Tony Caccavone is a black-cab driver in London. Since 1995, he has been a member of the Cuba Solidarity Campaign, visited Cuba six times, embraced Fidel Castro and had a documentary made about him
How did you get involved with the Cuba Solidarity Campaign?
A Canadian tourist in my cab first got me interested in Cuba. When I went there on a package holiday with my wife, I saw how dreadful life was for the Cubans because of the embargo. We passed a group of people sitting on a pile of rubble at a construction site and every one waved apart from a young girl who had her fists clenched. I began to think why the girl reacted like that and I was angry. I hate bullies and I wanted to take the big stick away from the Americans.
How much time and money do you give?
After my first visit to Cuba, I bought a white cab and had it painted in the Cuban colours. In 1997, I paid for the cab to be shipped to New York where I headed an illegal convoy of vehicles carrying goods destined for Cuba.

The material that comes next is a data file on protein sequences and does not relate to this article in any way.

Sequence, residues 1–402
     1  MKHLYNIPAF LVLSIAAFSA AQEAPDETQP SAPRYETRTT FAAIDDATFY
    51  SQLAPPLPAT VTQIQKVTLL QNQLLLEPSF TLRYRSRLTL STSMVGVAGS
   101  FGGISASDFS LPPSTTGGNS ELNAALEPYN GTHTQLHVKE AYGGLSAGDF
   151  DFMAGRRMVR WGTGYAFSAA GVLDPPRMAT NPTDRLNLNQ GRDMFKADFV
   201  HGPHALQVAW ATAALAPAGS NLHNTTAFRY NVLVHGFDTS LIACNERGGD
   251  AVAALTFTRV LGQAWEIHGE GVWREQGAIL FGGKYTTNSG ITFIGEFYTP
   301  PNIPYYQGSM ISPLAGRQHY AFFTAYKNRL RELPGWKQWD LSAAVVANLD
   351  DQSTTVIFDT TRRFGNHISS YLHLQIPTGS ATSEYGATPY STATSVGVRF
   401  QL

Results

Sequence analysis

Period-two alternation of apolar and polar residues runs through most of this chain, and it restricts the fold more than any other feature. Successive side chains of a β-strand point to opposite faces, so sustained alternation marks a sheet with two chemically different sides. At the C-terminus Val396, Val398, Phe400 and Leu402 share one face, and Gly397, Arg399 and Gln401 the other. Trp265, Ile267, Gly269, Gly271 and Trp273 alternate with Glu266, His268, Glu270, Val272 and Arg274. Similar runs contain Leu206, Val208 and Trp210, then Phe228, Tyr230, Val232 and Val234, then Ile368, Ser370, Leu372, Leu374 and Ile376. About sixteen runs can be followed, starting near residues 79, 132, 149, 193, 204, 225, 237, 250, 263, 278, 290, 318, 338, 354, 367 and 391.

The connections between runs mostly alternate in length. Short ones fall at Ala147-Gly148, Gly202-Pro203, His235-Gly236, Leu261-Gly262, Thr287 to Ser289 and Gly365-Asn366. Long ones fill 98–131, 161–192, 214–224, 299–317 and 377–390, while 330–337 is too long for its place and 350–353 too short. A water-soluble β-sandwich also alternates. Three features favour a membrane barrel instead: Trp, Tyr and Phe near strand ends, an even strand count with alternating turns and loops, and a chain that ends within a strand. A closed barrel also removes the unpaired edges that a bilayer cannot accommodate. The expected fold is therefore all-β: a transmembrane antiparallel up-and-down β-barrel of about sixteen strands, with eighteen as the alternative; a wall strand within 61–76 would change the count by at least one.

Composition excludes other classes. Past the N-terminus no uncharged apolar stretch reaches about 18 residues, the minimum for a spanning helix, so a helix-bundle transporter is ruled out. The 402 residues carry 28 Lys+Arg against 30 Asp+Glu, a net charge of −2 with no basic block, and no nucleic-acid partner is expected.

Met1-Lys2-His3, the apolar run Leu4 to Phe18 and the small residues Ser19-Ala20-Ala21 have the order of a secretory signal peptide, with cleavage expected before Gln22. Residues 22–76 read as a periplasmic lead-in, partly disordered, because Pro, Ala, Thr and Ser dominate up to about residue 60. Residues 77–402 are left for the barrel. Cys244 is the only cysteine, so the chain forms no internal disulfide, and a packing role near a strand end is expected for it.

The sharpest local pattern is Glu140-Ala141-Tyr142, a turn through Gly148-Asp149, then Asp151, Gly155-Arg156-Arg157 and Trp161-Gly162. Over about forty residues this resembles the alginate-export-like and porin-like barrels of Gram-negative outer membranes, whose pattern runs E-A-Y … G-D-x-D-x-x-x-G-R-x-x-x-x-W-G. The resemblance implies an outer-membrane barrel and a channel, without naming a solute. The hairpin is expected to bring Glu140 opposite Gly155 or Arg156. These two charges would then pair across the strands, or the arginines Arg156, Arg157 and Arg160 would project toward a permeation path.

Every week, I buy three packs of paracetamol to build up a stockpile of medicines. I regularly call London radio stations and lobby my passengers, particularly academics and politicians, to help end the blockade.
What other charities do you support?
I give a monthly donation to the NSPCC and Amnesty International. But I tend not to give money to people on the street, although I did offer change to a woman refusing to have her windscreen washed by a young boy the other day.